The other source of water is yourself. If you can't pinpoint where the damp is coming in, it might well just be sweat. "But my kit is breathable" I hear you say. Well, yes, but if it is covered in water (which it normally is when you're boating), then there is nowhere for the sweat to breathe out to!

Hope some of that is of assistance!

Note though no "dry" kit I've found has ever been truly dry after a few months of use.
My general take on it is "kayaking is a watersport, expect to get a bit wet"! Probably not the answer you were looking for mind!
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Chris Bolton
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Re: Clothing leakage

Post by Chris Bolton »

I agree with the posters above that a two piece will never seal completely. I'm assuming that you're getting damp while paddling, not swimming; what kind of paddling? How deeply into the white water are you, eg, hitting big stoppers hard, submerging after big drops, rolling etc? Water will find its way through anything but a drysuit.You might try fully interlocking the trousers and cag, with the spraydeck over the cag entirely. You may then get slightly more water in the boat, but perhaps less inside your clothing, try it and see.
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Re: Clothing leakage

Post by ike »

You’ve got 5 layers of material plus the foam of your PFD wrapped around your core, plus whatever baselayer you’re wearing. Sorry but no amount of manufacturer advertising will convince me that there’s any meaningful breathability left with that setup. Damp baselayer from sweat is inevitable if you’re doing anything vigorous.
Simon Wyndham
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Re: Clothing leakage

Post by Simon Wyndham »

Chances are, with all those layers at this time of year, it's sweat and condensation. Shorty cags, as others have said here, are usually not that dry anyway. If you're swimming a lot then separates will usually have some leakage.
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Re: Clothing leakage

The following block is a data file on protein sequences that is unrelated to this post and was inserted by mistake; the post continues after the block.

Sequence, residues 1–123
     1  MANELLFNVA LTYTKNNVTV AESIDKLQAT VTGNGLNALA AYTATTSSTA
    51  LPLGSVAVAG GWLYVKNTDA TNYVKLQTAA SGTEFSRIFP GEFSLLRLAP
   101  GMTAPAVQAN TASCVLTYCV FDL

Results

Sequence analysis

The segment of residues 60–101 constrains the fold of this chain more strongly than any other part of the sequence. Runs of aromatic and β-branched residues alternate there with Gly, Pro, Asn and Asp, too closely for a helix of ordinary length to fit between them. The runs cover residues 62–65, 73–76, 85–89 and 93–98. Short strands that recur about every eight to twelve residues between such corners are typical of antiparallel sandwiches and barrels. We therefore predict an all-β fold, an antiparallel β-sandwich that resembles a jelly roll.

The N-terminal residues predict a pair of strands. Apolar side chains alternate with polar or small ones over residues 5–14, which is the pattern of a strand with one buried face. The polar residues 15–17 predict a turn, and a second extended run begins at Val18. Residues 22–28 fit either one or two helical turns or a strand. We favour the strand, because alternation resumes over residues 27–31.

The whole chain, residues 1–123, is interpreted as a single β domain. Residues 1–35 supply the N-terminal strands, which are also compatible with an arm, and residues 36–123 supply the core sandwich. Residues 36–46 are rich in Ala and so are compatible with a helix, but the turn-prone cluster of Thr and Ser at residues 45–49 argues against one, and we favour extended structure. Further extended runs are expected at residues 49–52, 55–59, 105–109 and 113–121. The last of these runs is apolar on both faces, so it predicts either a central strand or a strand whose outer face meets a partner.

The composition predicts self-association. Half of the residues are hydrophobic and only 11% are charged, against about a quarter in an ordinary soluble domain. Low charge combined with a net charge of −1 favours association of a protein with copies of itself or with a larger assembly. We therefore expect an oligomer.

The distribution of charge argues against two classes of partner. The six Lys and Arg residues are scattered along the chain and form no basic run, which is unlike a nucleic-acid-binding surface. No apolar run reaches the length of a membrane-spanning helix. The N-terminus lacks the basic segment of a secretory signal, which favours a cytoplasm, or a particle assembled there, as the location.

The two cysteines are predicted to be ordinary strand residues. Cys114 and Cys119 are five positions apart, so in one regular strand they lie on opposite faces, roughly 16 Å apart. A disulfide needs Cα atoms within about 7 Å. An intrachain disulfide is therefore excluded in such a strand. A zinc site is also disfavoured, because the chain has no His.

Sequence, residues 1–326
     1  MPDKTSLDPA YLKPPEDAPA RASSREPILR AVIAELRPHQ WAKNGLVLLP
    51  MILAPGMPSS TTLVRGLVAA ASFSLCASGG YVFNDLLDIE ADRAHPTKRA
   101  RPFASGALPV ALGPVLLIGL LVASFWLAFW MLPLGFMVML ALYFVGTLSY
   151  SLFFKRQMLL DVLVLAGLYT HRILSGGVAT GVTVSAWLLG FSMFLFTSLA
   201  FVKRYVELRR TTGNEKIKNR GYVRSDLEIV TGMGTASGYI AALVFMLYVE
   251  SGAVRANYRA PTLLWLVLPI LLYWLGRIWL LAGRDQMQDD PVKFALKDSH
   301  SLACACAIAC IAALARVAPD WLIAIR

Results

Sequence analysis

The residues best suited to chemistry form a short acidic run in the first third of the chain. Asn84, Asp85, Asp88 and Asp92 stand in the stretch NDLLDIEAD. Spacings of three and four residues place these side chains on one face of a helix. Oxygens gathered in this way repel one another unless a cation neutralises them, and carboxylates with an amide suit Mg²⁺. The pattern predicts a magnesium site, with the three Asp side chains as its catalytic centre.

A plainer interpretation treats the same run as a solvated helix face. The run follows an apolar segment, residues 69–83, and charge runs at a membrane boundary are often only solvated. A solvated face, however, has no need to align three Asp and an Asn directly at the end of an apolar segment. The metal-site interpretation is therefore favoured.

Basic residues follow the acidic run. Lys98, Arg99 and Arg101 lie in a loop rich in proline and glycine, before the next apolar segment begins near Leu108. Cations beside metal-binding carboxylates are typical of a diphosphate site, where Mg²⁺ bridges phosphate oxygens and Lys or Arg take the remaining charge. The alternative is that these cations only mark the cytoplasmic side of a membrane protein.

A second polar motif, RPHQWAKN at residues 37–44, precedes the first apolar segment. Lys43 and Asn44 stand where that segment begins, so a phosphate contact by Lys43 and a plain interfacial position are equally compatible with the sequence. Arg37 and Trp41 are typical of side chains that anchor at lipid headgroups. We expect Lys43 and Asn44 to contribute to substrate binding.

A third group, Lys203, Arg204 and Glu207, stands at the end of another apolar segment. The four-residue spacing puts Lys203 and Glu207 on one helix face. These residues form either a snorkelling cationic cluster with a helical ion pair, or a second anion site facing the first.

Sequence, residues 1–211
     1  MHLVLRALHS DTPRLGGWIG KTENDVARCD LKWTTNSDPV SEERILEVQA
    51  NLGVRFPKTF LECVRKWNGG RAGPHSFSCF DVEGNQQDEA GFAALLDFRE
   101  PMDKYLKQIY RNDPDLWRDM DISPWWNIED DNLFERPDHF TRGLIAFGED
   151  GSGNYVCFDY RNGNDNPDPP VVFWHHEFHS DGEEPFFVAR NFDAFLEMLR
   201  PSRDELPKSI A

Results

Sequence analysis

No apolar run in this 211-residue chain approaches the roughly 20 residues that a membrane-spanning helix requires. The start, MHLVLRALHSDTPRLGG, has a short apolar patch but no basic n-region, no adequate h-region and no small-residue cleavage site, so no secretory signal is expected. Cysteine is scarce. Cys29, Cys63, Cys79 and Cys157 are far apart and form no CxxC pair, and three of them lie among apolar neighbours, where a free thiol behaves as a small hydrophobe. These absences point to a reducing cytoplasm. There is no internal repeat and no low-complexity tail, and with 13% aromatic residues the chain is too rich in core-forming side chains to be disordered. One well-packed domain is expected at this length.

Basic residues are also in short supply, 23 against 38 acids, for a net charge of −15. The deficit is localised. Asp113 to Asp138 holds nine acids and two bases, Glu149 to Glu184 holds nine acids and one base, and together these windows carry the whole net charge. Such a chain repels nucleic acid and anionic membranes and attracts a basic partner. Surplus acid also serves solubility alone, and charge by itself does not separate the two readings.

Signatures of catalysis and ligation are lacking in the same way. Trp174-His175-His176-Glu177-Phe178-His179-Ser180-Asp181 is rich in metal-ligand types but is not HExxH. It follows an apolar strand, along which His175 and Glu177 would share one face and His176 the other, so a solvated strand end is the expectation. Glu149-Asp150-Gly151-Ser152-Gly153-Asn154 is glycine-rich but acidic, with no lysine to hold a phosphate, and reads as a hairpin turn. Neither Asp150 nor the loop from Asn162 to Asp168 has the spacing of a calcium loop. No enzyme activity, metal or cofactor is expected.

Post by Bashy »

Hi folks, sincerest apologies, i didnt get a notification email for the replies...

Sorry, i should have been a little clearer, I deffo get sweat damp through paddling.
I am referring to swimming and from what i understand from the above, i should have expected to get some leakage.

To be fair, the 1st time i took a swim, i was in there for about 5 mins or more having to fight a small back current and get the boat to the side and i was completely dry.
Subsequent swims, its ranged from a little damp to full-on soaked, half a sock of water in my left foot.

I think the wetness varies due to how i am positioned in the water, the 1st time i think i was mostly legs up, the rest were legs down for the most part.

Hindsight, from what I've just spent this year, i could have bought a new Peak PS white water suit, or at the very least a decent used one :(

Thanks for all your replies, very much appreciated and again, my apologies.

PS, so the spraydeck, as per the image above, should it be slightly below the trouser tube and can it go right up past it?
If it has to stay below then it means i get some pooling as the deck drops a littlest the waist
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Re: Clothing leakage

Post by Franky »

If you're swimming in anything other than a dry suit, you will get wet. You can't change the laws of physics. Water goes through holes.

For kayaking trousers to be watertight during a swim, they'd need a huge latex waist tube so tight that you wouldn't be able to paddle, or probably even to breathe!

Even in a dry suit, water gets in through the neck and wrist seals, but most paddlers are happy taking "dry" to mean "slightly damp at the edges" :)

To be fair to Peak, their web page for Storm pants doesn't use the word "dry" anywhere. In think in the old days companies marketed cags with latex seals as "dry cags" but it was understood that this meant "dry as long as you don't capsize". Now that paddling is more popular, manufacturers have to be more careful with their wording because less is taken as understood.
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Re: Clothing leakage

Post by Bashy »

Franky wrote:
Mon Jul 31, 2023 4:16 pm
If you're swimming in anything other than a dry suit, you will get wet. You can't change the laws of physics. Water goes through holes.

For kayaking trousers to be watertight during a swim, they'd need a huge latex waist tube so tight that you wouldn't be able to paddle, or probably even to breathe!